Preston: Missing in recent seasons, hunger and roster competition drive Ravens in 2018

The Ravens’ 21-0 win against the Tennessee Titans on the road Sunday could define their 2018 season.

The Ravens (4-2) had another possible defining game the week before in an upset loss to the Cleveland Browns, so it was important to see how the team rebounded against Tennessee.


The Titans are a poor excuse for an NFL team and the Ravens’ win wasn’t just a victory but a beat-down so severe that Tennessee virtually gave up on its last offensive play of the first half.

This was impressive because it shows what the Ravens have been missing the past couple of years. These guys, including the coaching staff, are hungry and nasty because they have so much to prove.

The Ravens sacked Titans quarterback Marcus Mariota 11 times and held the Titans to under 200 yards of total offense. On offense, the Ravens were balanced and got wide receiver Michael Crabtree involved again.

But it goes deeper than that. Wide receiver Willie Snead IV, who caught seven passes for 60 yards, got knocked down and trampled and still converted a third-down play into a first down. And then he got in the face of several Titans defensive backs.

He wasn’t showboating, just standing his ground. Crabtree was the goat the previous week against Cleveland, dropping three passes, including the potential game-winning touchdown, but he was on a mission Sunday.

He had six catches for 93 yards, but the best moment was in the second quarter when quarterback Joe Flacco overthrew him. Crabtree was irritated and steam was coming out of the ear holes of his helmet.

That’s when I knew old, irritable, grumpy “give me the ball” Crabtree had returned to form. John Brown isn’t as demonstrative as Crabtree, but he has the same type of passion and energy.

Ravens receivers weren’t like that last year. Mike Wallace and Jeremy Maclin were here to collect paychecks. Crabtree, Brown and Snead play because they want to prove their former teams were wrong by allowing them to leave because they were too old, slow or small.

Flacco is in a similar situation. He got comfortable because there was no way Ryan Mallett could beat him out. Rookie Lamar Jackson couldn’t beat him out either, but Flacco got the message when the Ravens drafted Jackson late in the first round in April.

All of a sudden Flacco started working out with the receivers during the offseason outside the team’s training facility.

Before Jackson, the Ravens selected South Carolina tight end Hayden Hurst with the 25th pick in the first round and then Oklahoma’s Mark Andrews in the third round. Maxx Williams and Nick Boyle, two veterans competing for roster spots, came into training camp swollen as if someone had pumped helium into their chests and arms.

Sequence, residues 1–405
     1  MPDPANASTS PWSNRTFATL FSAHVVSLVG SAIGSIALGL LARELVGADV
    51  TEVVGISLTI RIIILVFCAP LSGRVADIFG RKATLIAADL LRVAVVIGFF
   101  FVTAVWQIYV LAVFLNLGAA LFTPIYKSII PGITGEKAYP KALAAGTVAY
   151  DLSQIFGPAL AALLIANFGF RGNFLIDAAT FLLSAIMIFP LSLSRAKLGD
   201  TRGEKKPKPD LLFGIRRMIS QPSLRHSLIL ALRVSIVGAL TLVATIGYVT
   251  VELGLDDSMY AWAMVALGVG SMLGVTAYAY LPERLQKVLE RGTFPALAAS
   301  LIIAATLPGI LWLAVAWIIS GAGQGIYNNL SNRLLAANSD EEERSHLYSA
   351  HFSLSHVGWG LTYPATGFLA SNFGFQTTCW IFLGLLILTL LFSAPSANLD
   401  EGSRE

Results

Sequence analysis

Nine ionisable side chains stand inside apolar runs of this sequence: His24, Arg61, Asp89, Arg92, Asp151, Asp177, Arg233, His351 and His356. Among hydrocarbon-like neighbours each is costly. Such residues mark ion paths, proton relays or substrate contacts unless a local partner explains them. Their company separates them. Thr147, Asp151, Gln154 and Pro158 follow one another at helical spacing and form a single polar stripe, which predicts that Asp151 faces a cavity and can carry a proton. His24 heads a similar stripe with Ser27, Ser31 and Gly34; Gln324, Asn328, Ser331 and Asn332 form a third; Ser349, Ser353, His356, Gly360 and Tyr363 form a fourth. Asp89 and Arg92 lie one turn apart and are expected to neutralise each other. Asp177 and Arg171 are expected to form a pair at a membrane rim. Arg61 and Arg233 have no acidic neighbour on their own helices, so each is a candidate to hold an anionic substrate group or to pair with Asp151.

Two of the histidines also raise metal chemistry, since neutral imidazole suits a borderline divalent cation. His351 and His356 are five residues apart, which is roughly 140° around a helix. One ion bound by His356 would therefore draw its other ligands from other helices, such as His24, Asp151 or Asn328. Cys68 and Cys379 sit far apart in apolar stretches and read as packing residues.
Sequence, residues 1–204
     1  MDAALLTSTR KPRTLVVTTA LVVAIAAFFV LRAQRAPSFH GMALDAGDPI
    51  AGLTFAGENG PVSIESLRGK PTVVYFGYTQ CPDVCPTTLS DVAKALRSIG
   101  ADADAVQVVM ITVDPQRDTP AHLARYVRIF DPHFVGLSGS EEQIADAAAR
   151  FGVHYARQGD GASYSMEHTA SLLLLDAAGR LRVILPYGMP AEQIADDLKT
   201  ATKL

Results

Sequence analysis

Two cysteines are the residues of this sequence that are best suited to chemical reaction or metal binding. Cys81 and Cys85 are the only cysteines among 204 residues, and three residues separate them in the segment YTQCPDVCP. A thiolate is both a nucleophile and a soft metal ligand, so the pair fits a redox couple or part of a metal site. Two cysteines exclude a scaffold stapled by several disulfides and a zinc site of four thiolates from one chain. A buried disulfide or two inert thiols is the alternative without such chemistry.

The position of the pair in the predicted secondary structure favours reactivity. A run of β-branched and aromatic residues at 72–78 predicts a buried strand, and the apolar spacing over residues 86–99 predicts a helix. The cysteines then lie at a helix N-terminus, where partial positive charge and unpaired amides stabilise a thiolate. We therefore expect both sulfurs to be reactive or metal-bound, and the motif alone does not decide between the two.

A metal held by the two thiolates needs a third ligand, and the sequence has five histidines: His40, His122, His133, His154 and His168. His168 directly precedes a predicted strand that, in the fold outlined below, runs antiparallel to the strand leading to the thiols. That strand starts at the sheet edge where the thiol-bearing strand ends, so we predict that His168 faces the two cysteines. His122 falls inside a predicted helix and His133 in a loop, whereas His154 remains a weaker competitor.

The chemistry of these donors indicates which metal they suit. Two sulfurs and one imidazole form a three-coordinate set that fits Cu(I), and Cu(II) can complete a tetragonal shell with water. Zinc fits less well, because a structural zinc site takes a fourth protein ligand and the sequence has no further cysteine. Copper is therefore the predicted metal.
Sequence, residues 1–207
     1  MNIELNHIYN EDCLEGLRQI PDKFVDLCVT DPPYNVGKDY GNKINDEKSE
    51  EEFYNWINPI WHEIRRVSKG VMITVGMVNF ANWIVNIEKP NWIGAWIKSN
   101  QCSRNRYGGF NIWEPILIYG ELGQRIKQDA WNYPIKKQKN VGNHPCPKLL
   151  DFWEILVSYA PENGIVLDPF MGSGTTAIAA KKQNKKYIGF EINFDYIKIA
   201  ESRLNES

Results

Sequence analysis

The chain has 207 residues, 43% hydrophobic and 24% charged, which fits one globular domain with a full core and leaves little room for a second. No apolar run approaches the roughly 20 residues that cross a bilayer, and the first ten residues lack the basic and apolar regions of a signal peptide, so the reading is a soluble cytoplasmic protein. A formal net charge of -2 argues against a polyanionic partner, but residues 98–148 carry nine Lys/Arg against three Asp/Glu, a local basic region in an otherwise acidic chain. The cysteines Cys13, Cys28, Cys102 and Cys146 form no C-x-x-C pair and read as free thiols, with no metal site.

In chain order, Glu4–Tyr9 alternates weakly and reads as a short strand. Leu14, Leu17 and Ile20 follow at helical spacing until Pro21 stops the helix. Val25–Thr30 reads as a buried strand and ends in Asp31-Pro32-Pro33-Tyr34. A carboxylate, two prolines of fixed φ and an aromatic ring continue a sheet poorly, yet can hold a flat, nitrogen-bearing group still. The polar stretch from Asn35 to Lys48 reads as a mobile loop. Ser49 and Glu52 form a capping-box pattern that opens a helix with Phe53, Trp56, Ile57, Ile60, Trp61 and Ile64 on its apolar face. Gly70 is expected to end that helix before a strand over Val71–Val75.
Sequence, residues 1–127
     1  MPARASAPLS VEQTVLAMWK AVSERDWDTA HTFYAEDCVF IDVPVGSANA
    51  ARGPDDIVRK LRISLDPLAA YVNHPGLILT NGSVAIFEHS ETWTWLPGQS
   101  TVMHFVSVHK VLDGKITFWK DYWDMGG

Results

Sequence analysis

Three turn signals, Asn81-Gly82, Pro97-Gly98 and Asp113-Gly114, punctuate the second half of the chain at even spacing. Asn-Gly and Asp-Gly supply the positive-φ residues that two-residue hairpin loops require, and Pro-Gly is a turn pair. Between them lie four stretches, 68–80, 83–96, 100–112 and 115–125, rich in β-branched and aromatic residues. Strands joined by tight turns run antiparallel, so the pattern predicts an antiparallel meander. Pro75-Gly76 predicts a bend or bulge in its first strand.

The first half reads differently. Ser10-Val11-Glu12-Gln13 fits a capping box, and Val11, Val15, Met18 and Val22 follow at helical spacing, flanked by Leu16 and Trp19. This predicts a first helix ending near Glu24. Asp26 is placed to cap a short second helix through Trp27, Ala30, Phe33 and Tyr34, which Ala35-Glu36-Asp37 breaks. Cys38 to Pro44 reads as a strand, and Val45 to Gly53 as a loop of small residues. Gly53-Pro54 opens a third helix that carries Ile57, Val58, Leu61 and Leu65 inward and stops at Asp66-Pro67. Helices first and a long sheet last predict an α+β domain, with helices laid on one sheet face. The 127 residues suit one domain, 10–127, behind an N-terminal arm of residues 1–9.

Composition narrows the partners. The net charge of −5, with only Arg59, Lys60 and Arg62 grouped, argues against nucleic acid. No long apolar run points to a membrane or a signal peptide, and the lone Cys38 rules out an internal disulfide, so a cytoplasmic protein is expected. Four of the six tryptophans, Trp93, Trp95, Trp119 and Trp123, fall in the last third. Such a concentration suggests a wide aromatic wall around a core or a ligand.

Competition is a good thing.

It was a driving force behind the defensive effort against the Titans. The TV announcers gushed over Ravens defensive coordinator Don “Wink” Martindale and the number of looks he gave Mariota up front.

The schemes certainly had an impact, but the Ravens simply overpowered the Titans up front, chopping them down as if they were redwood trees.



The Ravens wanted to put on a strong effort against their former coordinator, Tennessee’s Dean Pees, and at the same time let fans know previous shortcomings weren’t their fault.

It is no different from when teams change head coaches, just like the great effort the Ravens gave Harbaugh when he replaced Brian Billick after the 2007 season.

A lot of things are driving this team. Right guard Marshal Yanda is usually one of the most controlled players on the field, but even he went after two Titans on Sunday.

The Ravens continue to move forward. They finally got offensive balance, with 35 rushing attempts and 37 passes Sunday. It’s not important that these numbers be close, but it makes life easier for the offensive line and Flacco when the Ravens can do both.

Being able to run the ball will come in handy when the Ravens play at Kansas City later in the season, especially if rookie running back Gus Edwards continues to be impressive.

He is more of a north-south runner than starter Alex Collins and has more explosion than top backup Buck Allen. On defense, the Ravens spent so much time celebrating sacks that it looked as if they were contestants vying for a spot on a dance show.

It will be interesting to see whether they can mount that type of pass rush against the Saints and Drew Brees when New Orleans comes to town Sunday.

But after beating the Titans on Sunday, the Ravens have given more reason to be confident of that happening than there was at the beginning of the season, and certainly last week after the loss to Cleveland.

Pressure apparently is a good thing. Harbaugh needs to get to the playoffs to save his job. Flacco wants a contract extension. His receivers and certain tight ends want to prove they belong in the league.

Like Flacco, outside linebacker Za’Darius Smith wants a new contract, and this might be the last season for fellow outside linebacker Terrell Suggs. After failing as a defensive coordinator in Denver in 2010, Martindale wants to prove he can dial up plays with the best of those in the NFL.

The Ravens are hungry and driven. They haven’t had this much motivation in years, and they have responded well.